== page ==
She worries her fingers under the leopard print hijab that drapes elegantly in her lap. For the most part, she looks at the camera, but occasionally, she turns her eyes to me. I smile each time. I feel as though I should intervene somehow, but I do not know what to do. I feel that the interaction lacks sensitivity, that this girl had no decision in the matter. The short Italian woman manager tried to persuade a few others, , but Bahjet is the only one who has stepped forward.
I could not help but think, as I always do when engaging in ethnography: “What’s in it for them?”
Then I see the lemons.
They are like an offering. Virtually the only color in the room, save for a few cut out hearts and small pictures on the wall, above the table where the dish of lemons sit, seemingly untouched.
A large dish with Sicilian lemons, yellow and mottled with some green. One is sliced open. There is a pear, nestled among them and two oranges. And underneath this large dish, a brown table scarf with white scalloped embroidery underneath. Besides Bahjet, these lemons are the most beautiful thing in that room. Lemons. They are so bright. Something distinct and in this context, distinctly Sicilian. The lemons are like a strange ray of hope. I know, I am grasping at straws here. I looked for some warmth in this center.
The women come in and out of closed doors. They wear brightly colored and contrasting skirts and blouses. All of their heads are covered. One older woman dressed in a sea foam green hijab and a bright orange skirt warns me away with a look; she stares from me to my IPAD as if daring me to take a photo. I do not move a muscle. I smile at her. The smile is not returned. The cultural mediator, astute, tells me “They all have different personalities”. In fact, I liked the fact that she did not smile at me. She has agency and she showed it.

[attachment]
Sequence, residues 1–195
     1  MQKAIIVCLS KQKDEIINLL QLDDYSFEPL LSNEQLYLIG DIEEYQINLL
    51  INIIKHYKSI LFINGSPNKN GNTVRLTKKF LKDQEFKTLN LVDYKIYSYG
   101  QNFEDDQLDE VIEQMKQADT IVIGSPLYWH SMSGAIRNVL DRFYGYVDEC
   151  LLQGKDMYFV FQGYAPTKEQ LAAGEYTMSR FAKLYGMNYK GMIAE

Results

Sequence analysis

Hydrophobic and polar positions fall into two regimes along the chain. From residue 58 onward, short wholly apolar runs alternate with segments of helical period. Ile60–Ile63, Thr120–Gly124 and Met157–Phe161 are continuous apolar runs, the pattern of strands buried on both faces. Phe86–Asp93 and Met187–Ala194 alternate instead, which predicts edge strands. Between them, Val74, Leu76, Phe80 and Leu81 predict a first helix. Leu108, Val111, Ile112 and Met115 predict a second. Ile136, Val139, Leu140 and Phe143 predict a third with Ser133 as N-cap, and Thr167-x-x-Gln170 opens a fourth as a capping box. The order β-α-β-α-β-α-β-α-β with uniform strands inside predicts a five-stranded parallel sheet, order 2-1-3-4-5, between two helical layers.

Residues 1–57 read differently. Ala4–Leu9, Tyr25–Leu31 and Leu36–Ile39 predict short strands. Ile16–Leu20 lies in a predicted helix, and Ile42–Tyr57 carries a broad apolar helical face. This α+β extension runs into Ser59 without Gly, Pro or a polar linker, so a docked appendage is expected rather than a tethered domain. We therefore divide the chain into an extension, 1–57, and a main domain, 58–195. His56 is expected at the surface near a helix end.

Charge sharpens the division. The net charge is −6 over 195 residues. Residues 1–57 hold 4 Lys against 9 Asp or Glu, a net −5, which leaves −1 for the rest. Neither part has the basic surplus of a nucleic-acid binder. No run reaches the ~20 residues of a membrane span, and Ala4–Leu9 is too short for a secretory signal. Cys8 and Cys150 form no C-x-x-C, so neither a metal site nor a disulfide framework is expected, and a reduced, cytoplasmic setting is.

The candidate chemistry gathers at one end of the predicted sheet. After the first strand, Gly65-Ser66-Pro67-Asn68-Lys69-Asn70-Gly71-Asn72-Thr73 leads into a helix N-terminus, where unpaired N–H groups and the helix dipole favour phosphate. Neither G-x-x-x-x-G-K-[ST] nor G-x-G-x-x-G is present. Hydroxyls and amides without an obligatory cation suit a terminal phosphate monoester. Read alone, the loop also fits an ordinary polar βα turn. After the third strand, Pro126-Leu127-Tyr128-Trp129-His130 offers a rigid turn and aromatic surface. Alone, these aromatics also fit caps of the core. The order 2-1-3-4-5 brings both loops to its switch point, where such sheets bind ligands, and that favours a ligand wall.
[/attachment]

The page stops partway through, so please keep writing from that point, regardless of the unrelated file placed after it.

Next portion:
I wonder what they do with all of the lemons.
The photographer finishes is photo shoot, laments that she spoke so softly that the translator who he sends the tape to might not have anything to work with. He asks if I would like my picture take with her. I look at her and she instantly puts her arms around me. She takes off the black fabric that had been wrapped around her face. I ask her how old she is.
“Ventuno” she answers shyly. I am surprised by her Italian! Just twenty-one. I feel grateful that all of her time is in front of her, that this place , devoid of color and joyful sounds, will not be her last stop. At least I pray that it isn’t.
She gives me a big hug when I stand to leave, then disappears down a marble hallway and into a room where she closes the door. The most prominent sound I heard nearly the entire time I was there, was the sound of doors opening and closing; it was nearly continuous.
“She is very shy,” I say to the assertive woman who is in charge there. “Yes, until they get to know you, then they won’t stop talking,” she laughs, gesticulating with her hands.
I want to go back there soon. Learn more about her. Not the same old story, but the real story. Her story. How and why she came ALONE. Not why she came. I think we all know that story now.
And I want to count the lemons.
I want to see how many may still be on that porcelain dish when I return. Or if they will have been replaced with a more seasonal fruit as time inevitably marches on. And I wonder if Bahjet will still be there, or if things go as they should, she will have moved out. That will mean that her life will have begun. For the second time.